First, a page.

The snarky humor is here but beneath that is my anger.  I'm angry that I have to do this charade every six weeks.  I'm angry that I'm a walking stigma.  I'm angry that I pay good money for appointments and medication to help me function and unfuck what they did to me.  I'm angry that I have side effects from the cocktail of meds that I take.  I'm angry that the medicated me is better than the can't-get-out-of-bed me. 

I'm still struggling over the events with my mother in law for reasons that some may not understand.  I will try to put that into words shortly because I need to find a way to express in words what is churning in my mind.  My husband's advice has been, "just be yourself", which I always inwardly smirk at because the thought of an un-medicated "me" attending a family dinner is something I'm almost certain he never wants to encounter.

16 comments:

Journal of Healing said...

Boy do i understand. I hate the stigma, I hate that I have a "group" of people that attend the psych office because if i don't she wants to put me on more meds...so we do our best to present as calm, not to flat, but please keep giving me what i need, just not too much. I hate the stigma i have to live in fear of people finding out about, i hate that my husband doesn't have any other words so he tells me i struggle with a mental disorder when they ask why he's having a tough time in our marriage.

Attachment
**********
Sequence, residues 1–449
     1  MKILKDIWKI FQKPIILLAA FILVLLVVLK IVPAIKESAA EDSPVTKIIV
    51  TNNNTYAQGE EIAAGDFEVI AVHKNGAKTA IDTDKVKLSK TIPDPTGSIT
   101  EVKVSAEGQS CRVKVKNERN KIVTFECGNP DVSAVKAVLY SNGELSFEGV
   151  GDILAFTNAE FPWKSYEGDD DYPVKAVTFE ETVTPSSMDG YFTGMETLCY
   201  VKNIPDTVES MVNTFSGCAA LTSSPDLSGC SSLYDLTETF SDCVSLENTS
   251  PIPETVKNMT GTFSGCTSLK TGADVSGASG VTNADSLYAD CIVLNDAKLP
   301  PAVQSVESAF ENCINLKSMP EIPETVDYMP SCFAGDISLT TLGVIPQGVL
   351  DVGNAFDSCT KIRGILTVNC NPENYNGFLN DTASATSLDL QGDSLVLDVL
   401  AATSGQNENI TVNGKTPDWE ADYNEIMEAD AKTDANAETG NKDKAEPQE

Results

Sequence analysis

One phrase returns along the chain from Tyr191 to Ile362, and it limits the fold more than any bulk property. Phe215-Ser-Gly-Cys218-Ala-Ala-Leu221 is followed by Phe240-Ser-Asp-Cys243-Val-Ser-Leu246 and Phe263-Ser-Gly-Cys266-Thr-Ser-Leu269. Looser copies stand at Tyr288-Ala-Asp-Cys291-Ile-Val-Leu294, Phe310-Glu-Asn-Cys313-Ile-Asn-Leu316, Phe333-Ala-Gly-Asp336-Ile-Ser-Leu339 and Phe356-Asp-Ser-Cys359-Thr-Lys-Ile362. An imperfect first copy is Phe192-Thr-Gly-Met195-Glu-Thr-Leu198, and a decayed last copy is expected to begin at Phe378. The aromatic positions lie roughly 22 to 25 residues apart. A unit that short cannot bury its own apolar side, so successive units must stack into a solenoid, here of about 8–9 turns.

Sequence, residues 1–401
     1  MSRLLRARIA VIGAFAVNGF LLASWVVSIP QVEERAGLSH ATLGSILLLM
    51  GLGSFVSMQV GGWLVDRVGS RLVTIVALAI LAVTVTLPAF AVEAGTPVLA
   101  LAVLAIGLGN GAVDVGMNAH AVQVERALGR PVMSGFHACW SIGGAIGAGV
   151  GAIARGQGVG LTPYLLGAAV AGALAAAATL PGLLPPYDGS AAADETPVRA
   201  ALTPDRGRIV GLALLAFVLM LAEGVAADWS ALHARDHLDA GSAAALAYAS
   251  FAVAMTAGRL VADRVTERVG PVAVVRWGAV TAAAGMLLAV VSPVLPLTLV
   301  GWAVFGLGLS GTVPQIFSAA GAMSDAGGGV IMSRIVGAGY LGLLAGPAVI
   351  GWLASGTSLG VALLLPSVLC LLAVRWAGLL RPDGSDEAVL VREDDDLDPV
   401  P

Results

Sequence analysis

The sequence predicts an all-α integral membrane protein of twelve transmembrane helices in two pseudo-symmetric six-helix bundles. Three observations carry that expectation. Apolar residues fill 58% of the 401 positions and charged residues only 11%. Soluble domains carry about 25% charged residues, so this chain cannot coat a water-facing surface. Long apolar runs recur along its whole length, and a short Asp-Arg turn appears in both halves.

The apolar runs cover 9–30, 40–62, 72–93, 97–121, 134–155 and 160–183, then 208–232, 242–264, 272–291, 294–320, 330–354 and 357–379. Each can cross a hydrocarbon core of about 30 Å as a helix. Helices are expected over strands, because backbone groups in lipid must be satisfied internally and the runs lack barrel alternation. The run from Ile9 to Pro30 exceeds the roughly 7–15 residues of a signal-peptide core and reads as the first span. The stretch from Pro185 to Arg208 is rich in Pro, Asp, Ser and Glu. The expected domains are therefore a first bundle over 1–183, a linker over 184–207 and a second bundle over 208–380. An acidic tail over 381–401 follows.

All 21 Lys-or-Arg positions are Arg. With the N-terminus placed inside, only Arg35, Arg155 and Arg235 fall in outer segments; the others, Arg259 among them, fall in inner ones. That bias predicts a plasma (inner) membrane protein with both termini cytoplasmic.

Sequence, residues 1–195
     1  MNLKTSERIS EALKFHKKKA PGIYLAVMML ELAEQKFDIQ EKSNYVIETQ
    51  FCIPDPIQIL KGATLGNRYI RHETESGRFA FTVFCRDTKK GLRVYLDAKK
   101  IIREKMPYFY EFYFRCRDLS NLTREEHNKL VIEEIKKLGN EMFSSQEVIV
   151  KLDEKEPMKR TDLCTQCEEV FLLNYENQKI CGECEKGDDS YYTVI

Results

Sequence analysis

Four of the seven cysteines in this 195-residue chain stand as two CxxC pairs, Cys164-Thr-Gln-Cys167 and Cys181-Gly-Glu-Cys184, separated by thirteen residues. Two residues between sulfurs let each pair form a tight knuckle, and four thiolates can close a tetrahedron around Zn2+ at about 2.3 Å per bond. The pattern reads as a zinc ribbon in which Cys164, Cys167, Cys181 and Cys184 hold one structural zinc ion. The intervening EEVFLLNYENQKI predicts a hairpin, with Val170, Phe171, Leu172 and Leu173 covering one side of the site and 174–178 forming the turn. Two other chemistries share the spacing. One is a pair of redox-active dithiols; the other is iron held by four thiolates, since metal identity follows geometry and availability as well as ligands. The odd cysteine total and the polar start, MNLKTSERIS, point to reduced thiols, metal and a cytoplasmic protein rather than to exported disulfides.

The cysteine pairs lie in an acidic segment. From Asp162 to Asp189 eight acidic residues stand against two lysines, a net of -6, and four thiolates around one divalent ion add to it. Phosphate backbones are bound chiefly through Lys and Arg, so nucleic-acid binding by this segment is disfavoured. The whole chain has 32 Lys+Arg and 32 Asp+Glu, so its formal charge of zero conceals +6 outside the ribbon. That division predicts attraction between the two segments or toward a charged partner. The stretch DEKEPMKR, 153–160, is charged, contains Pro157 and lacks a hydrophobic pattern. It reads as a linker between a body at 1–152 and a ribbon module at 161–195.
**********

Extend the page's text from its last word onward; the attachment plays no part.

I hate that i have had to set boundaries not just with my own damn family, but also with my husband's family this year. i live in fear that one of my trusted "few" will forget and share with someone my deepest and darkest secret: taht i was so fucked over in my past i am not shattered as well.

it just sucks! It really sucks and it's not fair.

Glad to see you back, guys. Glad to hear your anger, it's such an important part of getting better. Glad to hear your snarky humor popping through. i get it. I had to correct someone recently when i cracked a caustic joke at my own situation due to my past when they tried to label me as being too harsh with myself. Don't judge ME. Judge THEM THAT MADE ME THIS WAY...and then UNDERSTAND that i MUST make light...or curl up and die.